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City Approves Loan For Apartments
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Riverbank Redevelopment Agency and the Riverbank City Council have approved a loan agreement for the Riverbank Family Apartments and for security advanced the payment date for the well construction and other development fees.

The city acted at its July 27 meeting despite some strong objections by resident and former councilmember Charles Neal who asked the city if "we are in the loan business" and charged it with "circumventing state and federal law."

The apartments are a proposed 65-unit rental housing project for low-income households to be built by Riverbank Pacific Associates at Patterson and Claus roads.

The Redevelopment Agency has agreed to provide a loan of $3,200,000 and already disbursed $800,000 of it from the 20 percent set aside of tax increment funds as required under the redevelopment act.

The agency approved a participation agreement last April but now wants the developer to pay the system development fees including the cost of the well construction prior to issuance of the building permit rather than later at issuance of an occupancy permit as first agreed.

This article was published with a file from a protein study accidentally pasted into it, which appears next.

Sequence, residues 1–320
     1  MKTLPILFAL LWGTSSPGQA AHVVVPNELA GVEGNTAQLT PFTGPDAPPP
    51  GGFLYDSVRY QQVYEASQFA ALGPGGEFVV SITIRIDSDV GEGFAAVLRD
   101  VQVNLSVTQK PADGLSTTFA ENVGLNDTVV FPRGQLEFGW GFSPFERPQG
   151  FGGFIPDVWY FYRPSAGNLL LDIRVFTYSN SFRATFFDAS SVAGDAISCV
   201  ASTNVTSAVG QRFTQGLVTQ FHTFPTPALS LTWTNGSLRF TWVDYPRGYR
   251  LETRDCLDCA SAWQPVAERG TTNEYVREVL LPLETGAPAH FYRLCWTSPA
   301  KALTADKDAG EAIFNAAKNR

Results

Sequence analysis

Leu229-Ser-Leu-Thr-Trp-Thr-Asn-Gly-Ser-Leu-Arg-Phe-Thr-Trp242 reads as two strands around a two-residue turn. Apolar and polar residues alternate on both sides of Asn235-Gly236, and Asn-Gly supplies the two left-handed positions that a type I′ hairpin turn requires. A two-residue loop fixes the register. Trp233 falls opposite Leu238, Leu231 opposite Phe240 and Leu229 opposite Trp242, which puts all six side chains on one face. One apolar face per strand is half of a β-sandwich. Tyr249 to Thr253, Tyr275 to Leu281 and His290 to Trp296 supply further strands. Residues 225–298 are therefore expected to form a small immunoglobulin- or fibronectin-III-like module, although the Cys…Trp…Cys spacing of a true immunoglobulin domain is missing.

Both the Agency and the Council will be involved in what city Director of Economic Development Tim Ogden called "a rather complex" but legal financial arrangement.

The Agency initially planned to use funds from its tax exempt bond proceeds to make the loan but now finds it is unable to do so "due to the impact of such funding under the state and federal low income housing tax credit programs," which are also being used in financing the project.

As the Agency currently does not have sufficient tax increment revenues available to fund its loan to the developer, the city will cooperate with the Agency and provide it a loan to pass on to the developer.

The city will loan the Agency the remaining $2,400,000 required to ensure the development of the housing project and be refunded within the next 30 days by the development fees, which are largely those for well construction.

Neal called it "a shell game" and said the city will lose money in loaning it at 3 percent for 30 years when it is paying 3 to 5 percent to borrow that money.

Ogden and the city's attorney for redevelopment, however, said the purpose of issuing bonds is to "jump start redevelopment" and the city cannot afford to wait for tax increments.